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Matthew Hodgkins Blog

System Engineer. PowerShell, Splunk, Monitoring, Metrics, Automation lover. Aussie living and working in the Netherlands.

The Ultimate Guide to PowerShell String Formatting

When scripting with PowerShell, you will come to a point where you need to work with strings that contain variables. Depending on your situation, there are several methods you can use when formatting strings in PowerShell. This blog will walk through these options.

We will start simple and ramp up the complexity.

We run into our first problem here. We are using a dollar sign in our string, so PowerShell thinks it is a variable and tries to insert it into a string.

Write-Output with Variable Doesn't Display

As we haven’t set a variable for $6, the string we get back is incorrect. To fix this problem, we need to escape the dollar sign so PowerShell leaves it alone. In PowerShell, escapes are done using a backtick (`).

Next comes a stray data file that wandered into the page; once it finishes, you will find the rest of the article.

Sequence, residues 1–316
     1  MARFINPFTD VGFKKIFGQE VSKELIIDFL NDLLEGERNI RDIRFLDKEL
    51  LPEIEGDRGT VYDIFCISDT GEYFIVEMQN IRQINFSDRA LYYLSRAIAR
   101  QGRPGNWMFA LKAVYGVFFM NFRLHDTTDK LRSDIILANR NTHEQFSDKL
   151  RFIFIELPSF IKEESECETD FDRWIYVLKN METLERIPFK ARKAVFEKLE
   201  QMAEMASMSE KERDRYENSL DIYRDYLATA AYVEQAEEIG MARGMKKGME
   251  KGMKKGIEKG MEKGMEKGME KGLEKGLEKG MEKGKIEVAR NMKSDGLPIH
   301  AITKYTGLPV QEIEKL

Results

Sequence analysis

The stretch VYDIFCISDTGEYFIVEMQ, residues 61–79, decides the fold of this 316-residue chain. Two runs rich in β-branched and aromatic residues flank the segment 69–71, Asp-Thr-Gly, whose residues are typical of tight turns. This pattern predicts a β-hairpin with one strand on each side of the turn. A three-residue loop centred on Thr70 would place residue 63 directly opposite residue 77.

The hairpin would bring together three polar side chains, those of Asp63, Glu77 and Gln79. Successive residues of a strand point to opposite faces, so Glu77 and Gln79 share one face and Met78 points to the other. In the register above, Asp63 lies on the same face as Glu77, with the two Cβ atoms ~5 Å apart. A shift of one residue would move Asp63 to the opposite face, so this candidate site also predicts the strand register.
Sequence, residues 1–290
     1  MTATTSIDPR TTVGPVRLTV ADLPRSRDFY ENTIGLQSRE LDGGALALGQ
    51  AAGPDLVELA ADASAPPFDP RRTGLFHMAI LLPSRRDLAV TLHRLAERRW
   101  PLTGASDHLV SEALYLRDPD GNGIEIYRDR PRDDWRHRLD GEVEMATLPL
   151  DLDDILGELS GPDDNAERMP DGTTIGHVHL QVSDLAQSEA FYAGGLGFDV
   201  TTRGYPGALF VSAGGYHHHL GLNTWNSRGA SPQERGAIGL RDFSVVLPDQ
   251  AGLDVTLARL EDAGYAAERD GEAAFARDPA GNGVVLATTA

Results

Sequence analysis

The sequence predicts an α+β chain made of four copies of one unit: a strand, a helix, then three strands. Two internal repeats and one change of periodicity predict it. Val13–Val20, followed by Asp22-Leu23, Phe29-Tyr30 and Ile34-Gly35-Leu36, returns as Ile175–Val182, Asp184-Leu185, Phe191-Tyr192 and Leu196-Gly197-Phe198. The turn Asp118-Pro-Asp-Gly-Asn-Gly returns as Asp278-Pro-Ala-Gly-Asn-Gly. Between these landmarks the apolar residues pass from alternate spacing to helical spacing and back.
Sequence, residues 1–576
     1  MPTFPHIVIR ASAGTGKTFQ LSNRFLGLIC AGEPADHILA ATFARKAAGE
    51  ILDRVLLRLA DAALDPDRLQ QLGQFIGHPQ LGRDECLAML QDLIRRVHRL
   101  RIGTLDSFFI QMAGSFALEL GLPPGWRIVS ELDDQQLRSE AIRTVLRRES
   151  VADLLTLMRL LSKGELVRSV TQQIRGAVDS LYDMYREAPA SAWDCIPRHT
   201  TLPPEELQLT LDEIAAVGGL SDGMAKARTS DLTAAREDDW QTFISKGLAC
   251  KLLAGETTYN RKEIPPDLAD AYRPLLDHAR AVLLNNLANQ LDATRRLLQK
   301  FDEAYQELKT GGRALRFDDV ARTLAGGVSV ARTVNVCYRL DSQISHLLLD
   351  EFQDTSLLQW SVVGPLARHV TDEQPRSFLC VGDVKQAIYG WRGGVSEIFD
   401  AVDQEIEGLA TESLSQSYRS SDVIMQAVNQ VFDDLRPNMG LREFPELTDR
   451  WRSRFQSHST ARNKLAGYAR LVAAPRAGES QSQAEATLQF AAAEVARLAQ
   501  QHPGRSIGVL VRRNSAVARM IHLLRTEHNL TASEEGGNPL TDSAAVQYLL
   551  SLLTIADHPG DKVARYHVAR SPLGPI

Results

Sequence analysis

Let’s create a hash table for our beer and try and use its properties in a string.

Once everything is installed, we will be customizing and setting up the following:

We run into another problem where – PowerShell isn’t extracting the value of the properties inside our hash table.

Write-Output Hashtable Variable Not Showing

We can wrap variables with properties inside some special tags to force PowerShell to return our variable inside the string, for example $($myItem.price). This is called a sub-expression:

What if we need to use single quotes inside our string?

This works fine, but if we wanted to use double quotes, we have 2 options. We can escape using a backtick (`) or escape using double-double quotes.

With the above knowledge we can handle all string formatting situations. Here a final complex example of creating a HTML page out of a PowerShell string. It includes single and double quotes, dollar signs and hash tables and uses the format command.

The beauty of PowerShell is that you can get the job done in multiple ways. You most likely would not mix all of them in a single script, but instead stick with the one you feel most comfortable with.

The above examples should make it a breeze to do even the most complicated string formatting. Happy PowerShell-ing!

Thanks to @Jaykul for reviewing this post.